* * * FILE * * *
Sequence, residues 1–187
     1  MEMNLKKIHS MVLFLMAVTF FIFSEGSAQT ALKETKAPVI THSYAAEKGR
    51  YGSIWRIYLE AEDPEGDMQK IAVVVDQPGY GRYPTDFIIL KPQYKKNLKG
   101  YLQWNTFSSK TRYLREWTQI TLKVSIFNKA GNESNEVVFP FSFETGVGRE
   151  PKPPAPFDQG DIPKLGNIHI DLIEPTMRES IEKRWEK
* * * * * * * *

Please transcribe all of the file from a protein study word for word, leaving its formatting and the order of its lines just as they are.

Sequence, residues 1–187
     1  MEMNLKKIHS MVLFLMAVTF FIFSEGSAQT ALKETKAPVI THSYAAEKGR
    51  YGSIWRIYLE AEDPEGDMQK IAVVVDQPGY GRYPTDFIIL KPQYKKNLKG
   101  YLQWNTFSSK TRYLREWTQI TLKVSIFNKA GNESNEVVFP FSFETGVGRE
   151  PKPPAPFDQG DIPKLGNIHI DLIEPTMRES IEKRWEK